Lowe Boats sent three truckloads of 16- to- 20-foot Roughneck aluminum fishing boats to Houston during catastrophic flooding that occurred when Hurricane Harvey dumped feet of rain on southeast Texas.
Though many had trouble getting supplies directly to the affected areas, Lowe dealer Capt. Kirk’s Marine in Spring, Texas, was on the last open exit of the highway before the floods forced closings, said Lowe Boats president Ben Cast. Owners Glenn Kirk and his son, Troy, were able to get the boats directly to rescue workers.
“The dealership was just outside of the area of massive flooding, so they were still able to receive product over the last few days,” Cast told Trade Only Today on Sept. 1. He had already relinquished and given up all the boats he had on the ground.”
Lowe arranged the truckloads of boats “to provide additional product to get to government officials down there — a total of a dozen boats,” Cast said.
“Everyone was needing boats, and the moments those truckloads arrived, the officials there were helping unload them and driving away instantly,” he said. “It was the boat, motor and trailer package, and we put props and batteries on these things, thinking they weren’t going to have time to do the rigging. Literally all they had to do is put gas in them and drive away.”
“He was just in the right spot for us to be able to get them down there,” Cast said. “We made sure before we started to send truckloads down that we could get them to him. Fortunately he was right outside the zone, so he was able to get them to [rescue workers].”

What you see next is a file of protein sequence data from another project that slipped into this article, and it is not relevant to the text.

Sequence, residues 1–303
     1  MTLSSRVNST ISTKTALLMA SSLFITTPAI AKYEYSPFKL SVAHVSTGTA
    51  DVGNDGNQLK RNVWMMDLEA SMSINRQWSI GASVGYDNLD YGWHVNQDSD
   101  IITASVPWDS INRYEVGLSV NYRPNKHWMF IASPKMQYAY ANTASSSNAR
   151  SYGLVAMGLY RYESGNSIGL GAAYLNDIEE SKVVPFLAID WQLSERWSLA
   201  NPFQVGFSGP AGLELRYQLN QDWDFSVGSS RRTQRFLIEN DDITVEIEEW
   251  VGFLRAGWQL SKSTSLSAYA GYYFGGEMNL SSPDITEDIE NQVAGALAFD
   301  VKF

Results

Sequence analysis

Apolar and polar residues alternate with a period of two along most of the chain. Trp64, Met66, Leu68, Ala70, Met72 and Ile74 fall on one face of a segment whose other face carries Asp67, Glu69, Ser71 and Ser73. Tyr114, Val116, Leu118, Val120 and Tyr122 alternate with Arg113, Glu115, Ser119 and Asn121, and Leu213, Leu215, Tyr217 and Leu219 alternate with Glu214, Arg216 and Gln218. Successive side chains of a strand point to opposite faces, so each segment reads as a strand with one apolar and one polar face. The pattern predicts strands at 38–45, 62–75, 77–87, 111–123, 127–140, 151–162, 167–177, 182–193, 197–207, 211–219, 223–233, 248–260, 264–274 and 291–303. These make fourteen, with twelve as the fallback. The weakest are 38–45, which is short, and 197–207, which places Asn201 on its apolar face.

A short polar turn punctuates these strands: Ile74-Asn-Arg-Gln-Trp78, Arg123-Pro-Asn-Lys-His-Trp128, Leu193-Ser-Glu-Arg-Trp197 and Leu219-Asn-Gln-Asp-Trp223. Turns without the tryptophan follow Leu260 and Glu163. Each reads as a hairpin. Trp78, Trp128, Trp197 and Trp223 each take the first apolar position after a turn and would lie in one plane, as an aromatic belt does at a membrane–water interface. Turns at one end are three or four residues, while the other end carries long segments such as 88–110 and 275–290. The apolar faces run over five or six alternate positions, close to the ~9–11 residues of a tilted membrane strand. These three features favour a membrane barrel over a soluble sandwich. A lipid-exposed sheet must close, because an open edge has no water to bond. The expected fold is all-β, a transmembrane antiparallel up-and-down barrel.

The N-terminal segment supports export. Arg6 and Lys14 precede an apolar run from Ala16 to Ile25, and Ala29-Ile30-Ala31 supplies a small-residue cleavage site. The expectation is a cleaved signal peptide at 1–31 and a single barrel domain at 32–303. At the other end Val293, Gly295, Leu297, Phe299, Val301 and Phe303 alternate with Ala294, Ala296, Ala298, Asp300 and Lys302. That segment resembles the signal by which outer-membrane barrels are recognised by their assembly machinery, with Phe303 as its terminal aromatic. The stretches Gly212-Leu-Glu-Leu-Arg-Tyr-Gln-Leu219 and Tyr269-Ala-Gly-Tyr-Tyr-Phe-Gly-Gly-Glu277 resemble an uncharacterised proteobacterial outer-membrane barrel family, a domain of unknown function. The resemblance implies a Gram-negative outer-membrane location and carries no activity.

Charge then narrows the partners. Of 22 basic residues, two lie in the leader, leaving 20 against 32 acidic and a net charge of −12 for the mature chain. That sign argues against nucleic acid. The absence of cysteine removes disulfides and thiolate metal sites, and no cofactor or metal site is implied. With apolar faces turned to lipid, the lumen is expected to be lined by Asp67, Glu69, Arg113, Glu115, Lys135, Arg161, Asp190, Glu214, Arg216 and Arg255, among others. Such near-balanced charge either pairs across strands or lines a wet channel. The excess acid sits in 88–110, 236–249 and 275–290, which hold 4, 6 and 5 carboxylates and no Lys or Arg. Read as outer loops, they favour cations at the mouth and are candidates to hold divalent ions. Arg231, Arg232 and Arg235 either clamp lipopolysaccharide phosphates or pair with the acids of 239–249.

Cast said he heard from employees throughout parent company Brunswick Corp.
Guy Davenport sent an email explaining that friends in his former Houston subdivision had no path out other than by boat.
“As someone who knows so many people in need in Houston, Texas, my heart swells to know that the kind, hardworking folks in Lebanon, Mo., have sent those Roughnecks down south,” Davenport wrote.
Cast also received emails from customers who had performed rescues and were impressed by how the boats handled in the water, which was filled with debris such as road signs, cars and garbage.
Steven Ramirez said he had saved more than 100 people from the floods.
“I was one of the very few people out there who had a boat that was strong enough and up for the task of driving into the really difficult areas needed to reach people,” Ramirez said. “Houston-area firefighters took notice and asked to use my boat because it was able to push through the raging currents caused by freeway overpasses and then bust through thick treetops to pull people from roofs, and do it all over again for several days non-stop in the pouring rain.”
“My Roughneck jumped over trees, roofs of cars, logs, pushed through fence, and just an unbelievable amount of debris,” Ramirez said. “What's really remarkable is the only damage it sustained from this punishment was a mangled prop that looks like it's been to hell and back, at least what's left of it, that is.”